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Priestley wants his audience to understand the meaning of responsibility as a result of seeing An Inspector Calls. What do you think he wishes to convey on this theme?

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Introduction

Priestley wants his audience to understand the meaning of responsibility as a result of seeing "An Inspector Calls". What do you think he wishes to convey on this theme? Priestley conveys the theme of responsibility very well is the play. The most obvious conveyance of this in the acceptance of the family, causing the death of Eva Smith. Each member of the family has a different attitude to responsibility to the event. Some characters feel more responsible than others. The results of the Birlings irresponsibility's led to the death of Eva Smith. Mr Birling is partly responsible for her death, for throwing her out of her job at his factory. "Oh well-pest like that, there's something in what you say, I can't accept any responsibility" Mr Birling does not feel that he has no responsibility for her death. Next Sheila was at a shop called Milwards, this shop was the only place where Eva Smith had a steady and good job, when she caught site of Eva Smith laughing at her when she tried on a dress. Sheila was not happy so she used her power irresponsibly and complained to the manager of Milwards who the sacked her as Shelia has a wealthy contract with Milwards. ...read more.

Middle

"One Eva Smith has gone - but there are millions and millions and millions of Eva Smiths and John Smiths still left with us, with their lives, their hopes and fears, their suffering and chance of happiness, all intertwined with our lives, and what we think and say and do." The Inspector is talking about a collective responsibility, everyone is society is linked, in the same way that the characters are linked to Eva Smith. Everyone is a part of "one body", the Inspector sees society as more important than individual interests. The views he is propounding are like those of Priestley who was a socialist. The inspector seems to take over the whole family and have total control over who he is speaking to. I think that the way the inspector talks to the Birlings is the way that Priestley would talk to them. Priestley was a socialist and believed in freedom and was for the poor, against the rich. Throughout the play there are different ways in which Priestley conveys the theme of responsibility in the play and one of which is through people being responsible for others. ...read more.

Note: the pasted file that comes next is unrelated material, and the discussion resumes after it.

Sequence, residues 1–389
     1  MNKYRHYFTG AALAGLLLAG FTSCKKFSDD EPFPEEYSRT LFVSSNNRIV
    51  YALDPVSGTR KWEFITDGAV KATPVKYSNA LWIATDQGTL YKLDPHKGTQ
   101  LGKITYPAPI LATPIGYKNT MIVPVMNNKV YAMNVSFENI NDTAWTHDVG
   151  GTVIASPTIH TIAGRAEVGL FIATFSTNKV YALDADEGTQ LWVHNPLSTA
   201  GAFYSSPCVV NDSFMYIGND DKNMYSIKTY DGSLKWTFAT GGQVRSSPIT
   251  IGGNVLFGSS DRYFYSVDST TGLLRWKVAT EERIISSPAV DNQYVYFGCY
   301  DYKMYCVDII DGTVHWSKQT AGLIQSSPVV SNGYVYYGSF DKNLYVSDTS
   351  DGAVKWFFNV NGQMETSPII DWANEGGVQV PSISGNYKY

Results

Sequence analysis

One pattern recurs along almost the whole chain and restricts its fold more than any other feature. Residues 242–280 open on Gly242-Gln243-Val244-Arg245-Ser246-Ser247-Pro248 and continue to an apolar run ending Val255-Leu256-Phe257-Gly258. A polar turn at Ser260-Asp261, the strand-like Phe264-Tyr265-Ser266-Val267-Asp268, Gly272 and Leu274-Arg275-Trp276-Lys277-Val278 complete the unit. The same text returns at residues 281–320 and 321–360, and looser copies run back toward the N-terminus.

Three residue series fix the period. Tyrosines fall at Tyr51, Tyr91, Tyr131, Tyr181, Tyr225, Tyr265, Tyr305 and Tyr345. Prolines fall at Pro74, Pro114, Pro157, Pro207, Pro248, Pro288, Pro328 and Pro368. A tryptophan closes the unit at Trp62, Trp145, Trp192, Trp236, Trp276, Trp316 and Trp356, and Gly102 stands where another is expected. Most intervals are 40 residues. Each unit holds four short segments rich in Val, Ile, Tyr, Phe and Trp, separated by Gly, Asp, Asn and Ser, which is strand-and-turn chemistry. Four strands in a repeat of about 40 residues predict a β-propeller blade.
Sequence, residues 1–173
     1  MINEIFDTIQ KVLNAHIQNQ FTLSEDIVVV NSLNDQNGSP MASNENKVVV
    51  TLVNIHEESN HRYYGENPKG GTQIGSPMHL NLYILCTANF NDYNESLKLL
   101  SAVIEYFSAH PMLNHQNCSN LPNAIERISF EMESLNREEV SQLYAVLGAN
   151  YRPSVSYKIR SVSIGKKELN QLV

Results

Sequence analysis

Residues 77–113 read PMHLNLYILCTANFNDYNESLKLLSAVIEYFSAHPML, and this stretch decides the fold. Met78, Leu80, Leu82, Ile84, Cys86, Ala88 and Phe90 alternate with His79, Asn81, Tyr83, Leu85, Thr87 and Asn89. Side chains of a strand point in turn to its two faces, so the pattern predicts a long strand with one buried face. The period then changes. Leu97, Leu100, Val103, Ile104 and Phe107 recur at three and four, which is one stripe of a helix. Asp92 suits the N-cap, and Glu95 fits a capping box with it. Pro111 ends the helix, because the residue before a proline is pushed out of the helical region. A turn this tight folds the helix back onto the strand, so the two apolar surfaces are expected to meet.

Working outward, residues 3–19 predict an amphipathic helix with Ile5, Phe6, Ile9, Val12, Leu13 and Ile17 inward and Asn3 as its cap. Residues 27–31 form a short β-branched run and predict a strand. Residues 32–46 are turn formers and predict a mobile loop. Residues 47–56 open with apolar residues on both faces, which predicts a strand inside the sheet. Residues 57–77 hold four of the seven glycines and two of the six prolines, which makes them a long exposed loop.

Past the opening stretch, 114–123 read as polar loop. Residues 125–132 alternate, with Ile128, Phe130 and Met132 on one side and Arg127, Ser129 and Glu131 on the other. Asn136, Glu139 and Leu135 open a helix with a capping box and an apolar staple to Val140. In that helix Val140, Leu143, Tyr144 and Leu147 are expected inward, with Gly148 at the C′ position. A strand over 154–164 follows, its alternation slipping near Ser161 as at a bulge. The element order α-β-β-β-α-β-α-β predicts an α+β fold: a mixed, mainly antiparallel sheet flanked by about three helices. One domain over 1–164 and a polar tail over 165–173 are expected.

Conclusion

The fact that they are remorseful of what they have done suggests that they will make a conscious effort to improve human relationships. Unlike their parents, who are only interested in wealth and material items. These views are very much capitalist. "it's my duty to keep labour costs down". Mr Birling only thinks about wealth. And on the other hand Priestley shows that the younger generation will endeavour to perform their moral duties towards their fellow citizens, especially people such as Eva Smith. The play An Inspector Calls conveys a strong political message. It promotes the idea of socialism, as a society in which community and responsibility are central. Capitalism failed in helping out Eva Smith. The reader learns that Priestly is a socialist and abides their way of views. Priestly writes this play as socialist critique convincing the audience that socialism would have worked more effectively for the people. With Eva's death, the reader notices that Priestly calls to the reader's moral views and that tries to convince them that socialism could people jobs, homes and lives. He tries to put across the point that the capitalist governments didn't want to help the working class because they were too worried about their money, but the socialists would have helped her a lot more. ?? ?? ?? ?? Edward Mellen 20/04/2009 ...read more.

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